The news that the SouthWest borough of Montreal was going to be celebrating a "Summer Solstice Festival" from June 22 to 24 has angered some people.

They are upset that the notice of the celebrations did not include the official government name for the event, the Fete Nationale, nor did it mention Saint Jean Baptiste.

Among those upset were Guy A. Lepage, who has been the MC for many Fete Nationale parties in Montreal, Sophie Stanké, spokesperson for the Mouvement Montreal Francais, and Montreal Mayor Valerie Plante.

Plante said Thursday that she wanted the organizers to change the name in order to be proud Quebecers.

Plante's measure was applauded by the secretary for Anglophones, Christopher Skeete.

Borough Mayor Benoit Dorais said that while Fete Nationale celebrations have always been popular in the SouthWest borough, he was hoping that the Solstice Party would be considered more inclusive and would highlight the roots of everyone in the area.

Biz, of the band Loco Locass, one of the bands performing in the borough's festival, said even though he's a firm believer in a separate Quebec, he didn't care much about the official name.

"As far as I'm concerned, it's clear we'll be celebrating St. Jean Baptiste, the holiday for all Quebecers," he wrote on Twitter.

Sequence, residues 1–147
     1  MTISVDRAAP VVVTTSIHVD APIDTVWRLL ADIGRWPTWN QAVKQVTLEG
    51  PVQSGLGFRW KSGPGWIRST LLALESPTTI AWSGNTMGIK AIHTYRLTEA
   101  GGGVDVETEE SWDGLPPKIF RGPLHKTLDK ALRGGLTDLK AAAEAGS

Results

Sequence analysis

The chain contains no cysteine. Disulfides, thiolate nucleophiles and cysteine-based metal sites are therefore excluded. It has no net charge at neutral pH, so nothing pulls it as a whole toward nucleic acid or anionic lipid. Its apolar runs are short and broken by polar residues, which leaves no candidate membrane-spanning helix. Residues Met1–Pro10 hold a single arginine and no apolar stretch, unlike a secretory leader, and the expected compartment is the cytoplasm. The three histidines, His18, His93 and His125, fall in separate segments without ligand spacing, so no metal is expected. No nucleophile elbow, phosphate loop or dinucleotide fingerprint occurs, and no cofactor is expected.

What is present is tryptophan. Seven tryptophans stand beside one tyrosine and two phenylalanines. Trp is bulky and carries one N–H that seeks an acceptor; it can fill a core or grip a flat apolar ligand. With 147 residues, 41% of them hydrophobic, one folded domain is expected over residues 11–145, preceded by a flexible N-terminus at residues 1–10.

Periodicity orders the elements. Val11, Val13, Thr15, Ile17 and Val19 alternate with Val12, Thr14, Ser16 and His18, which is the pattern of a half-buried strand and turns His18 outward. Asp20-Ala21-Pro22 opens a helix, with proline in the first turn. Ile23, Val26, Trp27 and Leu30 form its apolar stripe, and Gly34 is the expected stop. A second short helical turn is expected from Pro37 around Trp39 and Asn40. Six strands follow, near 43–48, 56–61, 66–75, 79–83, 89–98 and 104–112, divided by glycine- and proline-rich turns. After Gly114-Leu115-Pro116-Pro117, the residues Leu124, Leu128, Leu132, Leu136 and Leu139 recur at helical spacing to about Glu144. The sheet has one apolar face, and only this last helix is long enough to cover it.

"All shows by Loco Locass are St. Jean performances. At its extreme we could play on Canada Day, and it wouldn't change anything for us. Each stage is a platform to showcase our Quebec pride."

Following the online outrage the Solstice festival organizers said they would change the name on posters to read "Fete Nationale du Quebec."

The festival will take place on Notre Dame St. West Street West between Atwater Ave. and Saint Augustin St.

St. Jean Baptiste has been a celebration of francophones and francophone culture since the 1800s, but during the Quiet Revolution the celebrations took on a separatist tone.

In recent years there have been attempts to make the celebrations more inclusive of all Quebecers, not just francophones, but even that has sparked outrage.

In 2009 many people became upset when anglophone bands were invited to perform at small Fete Nationale celebrations in Montreal.

Two years ago the Montreal parade came under criticism when white performers sang while their float was pushed by black youths.